Newcomers show old-timers the way
Several farmers in this region have made a virtue out of imitation. Unabashedly copying farmers from Punjab who have settled here, some local paddy growers have prospered not from the former's agricultural practices besides acquiring their entrepreneurial instincts.
Babloo Choure and his elder brother Raju owned barely two acres in this village, about 10 km from Itarsi, and a marginal farmer's typical life of inadequacies and uncertainties until they learnt from their Punjab-origin counterparts who owned scores of acres of land.
Today, the family of 11 is left with only one acre but owns a combine harvester that is taller than their home. The giant machine is their breadwinner.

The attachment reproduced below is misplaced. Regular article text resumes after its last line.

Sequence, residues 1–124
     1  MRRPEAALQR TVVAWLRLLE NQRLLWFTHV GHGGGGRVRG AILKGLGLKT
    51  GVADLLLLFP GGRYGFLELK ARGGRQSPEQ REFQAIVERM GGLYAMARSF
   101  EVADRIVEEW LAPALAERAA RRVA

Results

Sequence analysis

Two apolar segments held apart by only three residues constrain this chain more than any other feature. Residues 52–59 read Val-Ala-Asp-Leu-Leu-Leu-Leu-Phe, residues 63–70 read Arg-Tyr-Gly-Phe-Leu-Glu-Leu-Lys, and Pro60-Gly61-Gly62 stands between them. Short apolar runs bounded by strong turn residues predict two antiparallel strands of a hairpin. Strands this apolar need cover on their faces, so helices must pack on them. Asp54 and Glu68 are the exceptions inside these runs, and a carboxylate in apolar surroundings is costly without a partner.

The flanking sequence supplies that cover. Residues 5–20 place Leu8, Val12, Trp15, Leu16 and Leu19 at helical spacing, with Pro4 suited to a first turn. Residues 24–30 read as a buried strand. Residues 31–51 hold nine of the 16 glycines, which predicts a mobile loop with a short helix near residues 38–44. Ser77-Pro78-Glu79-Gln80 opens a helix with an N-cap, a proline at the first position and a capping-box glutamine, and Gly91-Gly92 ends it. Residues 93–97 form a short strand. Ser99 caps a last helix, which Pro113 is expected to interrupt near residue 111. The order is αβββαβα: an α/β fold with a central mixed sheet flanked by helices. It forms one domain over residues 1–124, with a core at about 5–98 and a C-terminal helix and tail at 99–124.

"We never thought we would grow rice because we were content with soybean and wheat. When we saw the Punjabi farmers making a lot of money, we simply imitated them," says Raju, who was tailoring clothes before the Punjabi farmers opened their eyes to new avenues. And Babloo says, "We saw how the whole family worked as a unit and toiled despite owning cars that appeared fancy to us. They were always ready to share their practices with us." He points to the combine harvester he bought from a Punjabi farmer he worked for.
Starting nearly two decades ago, many Punjabi farmers sold off their land back home for high costs and bought land in Madhya Pradesh, which was cheap until a few years ago
Rajendra Khanjua, a relatively rich local farmer from Bagra Mana village, recalls how Punjabi farmers bought vast tracts of land that appeared barren and converted them into fertile fields that became the envy of locals. The local farmers had sold their land willingly because there had been no takers back then. It was only when they saw the use of machines and vast agricultural output that they learnt what they had been missing.